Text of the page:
Being an Explorer
When you join Explorers, you’ll be introduced to lots of new activities, people and things.
Explorer Scouts are encouraged to lead themselves in deciding the programme and direction of the Unit, with support and guidance from leaders. The section also includes the Young Leaders’ Scheme, where young people are able to take on a leadership role in one of the younger sections.
There is wider scope for activities like offshore sailing, campaigning, performing, parascending, mountaineering and expeditions.
Explorer Scout Units (ESUs) are run by the District (Poole in our case) and are not technically part of Broadstone Scout Group.
That said, we are associated with Lemur ESU (Broadstone) and they meet each Thursday.
As a values based movement we all make the ‘The Promise’ an oath that helps us to be our best
Activities and what you’ll get up to
With the support, direction and guidance of Unit leaders, you’ll be encouraged to lead yourselves, design your own programme and work towards the top awards that Scouting offers. With exciting prospects like being a part of camps and expeditions both home and abroad; adventurous activities such as mountaineering, parascending and off shore sailing; Explorers offers fun and adventure for all.
More about Explorer Scouts
Structure and meetings
A group of Explorer Scouts is called a Unit and is part of the District’s provision of Scouting. An Explorer Scout Unit and a Scout Group may work together under a Partnership Agreement, which should set out clearly the links between the Unit and the Group, arrangements for communication, use of equipment, facilities and resources.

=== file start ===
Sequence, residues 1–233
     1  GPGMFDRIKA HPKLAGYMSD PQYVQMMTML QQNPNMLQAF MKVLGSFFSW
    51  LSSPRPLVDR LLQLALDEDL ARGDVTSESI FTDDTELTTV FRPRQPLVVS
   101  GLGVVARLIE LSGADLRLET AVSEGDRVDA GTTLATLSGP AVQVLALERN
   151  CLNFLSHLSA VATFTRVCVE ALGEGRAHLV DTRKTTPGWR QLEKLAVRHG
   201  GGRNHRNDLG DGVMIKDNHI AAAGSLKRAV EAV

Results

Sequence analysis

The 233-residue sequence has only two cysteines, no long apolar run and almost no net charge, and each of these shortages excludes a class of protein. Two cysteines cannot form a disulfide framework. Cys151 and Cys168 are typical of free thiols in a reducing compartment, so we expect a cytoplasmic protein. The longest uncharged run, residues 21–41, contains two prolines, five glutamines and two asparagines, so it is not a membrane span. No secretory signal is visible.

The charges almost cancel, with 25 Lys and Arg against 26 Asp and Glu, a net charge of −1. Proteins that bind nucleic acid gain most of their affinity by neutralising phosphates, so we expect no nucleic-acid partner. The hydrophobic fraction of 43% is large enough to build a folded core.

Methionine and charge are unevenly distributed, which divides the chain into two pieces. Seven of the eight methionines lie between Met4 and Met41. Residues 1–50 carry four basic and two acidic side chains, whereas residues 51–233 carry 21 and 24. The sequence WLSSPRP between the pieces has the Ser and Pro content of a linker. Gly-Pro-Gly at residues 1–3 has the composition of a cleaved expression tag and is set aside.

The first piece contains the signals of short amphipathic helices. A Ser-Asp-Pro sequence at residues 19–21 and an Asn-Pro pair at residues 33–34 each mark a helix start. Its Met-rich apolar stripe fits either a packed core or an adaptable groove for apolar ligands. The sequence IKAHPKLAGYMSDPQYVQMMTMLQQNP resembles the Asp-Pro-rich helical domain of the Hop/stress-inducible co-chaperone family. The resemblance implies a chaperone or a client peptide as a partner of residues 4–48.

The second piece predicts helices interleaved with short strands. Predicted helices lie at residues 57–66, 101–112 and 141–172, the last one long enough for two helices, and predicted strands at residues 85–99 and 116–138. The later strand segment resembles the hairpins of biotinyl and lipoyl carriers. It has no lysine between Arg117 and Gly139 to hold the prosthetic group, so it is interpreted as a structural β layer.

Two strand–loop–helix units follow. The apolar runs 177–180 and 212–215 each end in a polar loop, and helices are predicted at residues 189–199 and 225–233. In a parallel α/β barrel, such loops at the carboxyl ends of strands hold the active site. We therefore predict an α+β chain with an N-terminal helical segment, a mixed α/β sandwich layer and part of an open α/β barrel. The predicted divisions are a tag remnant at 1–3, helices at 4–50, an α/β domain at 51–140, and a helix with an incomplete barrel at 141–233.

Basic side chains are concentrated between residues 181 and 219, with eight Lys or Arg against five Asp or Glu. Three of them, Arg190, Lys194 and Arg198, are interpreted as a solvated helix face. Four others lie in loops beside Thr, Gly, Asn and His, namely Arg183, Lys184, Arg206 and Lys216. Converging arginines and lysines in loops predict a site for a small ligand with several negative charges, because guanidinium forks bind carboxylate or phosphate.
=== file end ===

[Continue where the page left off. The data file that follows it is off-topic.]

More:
The key to running a successful Explorer Unit is flexibility. Due to the other commitments that crop up in a teenager’s life, such as exams, it is important that the programme reflects this. For example, Units may not meet every week, or carry out the majority of activities at weekends.
Explorer Scouts are encouraged to take part in a wide range of activities as part of their programme including traditional Scouting skills, such as camping, survival and cooking, as well as a wider spectrum of adventurous activities, from abseiling to zorbing.
The Explorer programme should be supplemented and complemented by events and activities delivered across the District, allowing them the opportunity to socialise and work with other local Explorer Units.
In addition, there are a number of activity badges and ambitious top awards that Explorer Scouts can gain to recognise their achievements.
Uniform and badge placement
You don’t need a uniform to join Explorers. But once you’ve settled in, you’ll start speedily earning badges, and you’ll need to know where to put them.
All of our leaders are trained volunteers, working to make sure Scouting is safe, inclusive and accessible. Some lead the unit week in and week out. Others visit occasionally to help run a session or drop in to share their skills.
No matter how much time you have to spare, find out about volunteering on your own terms.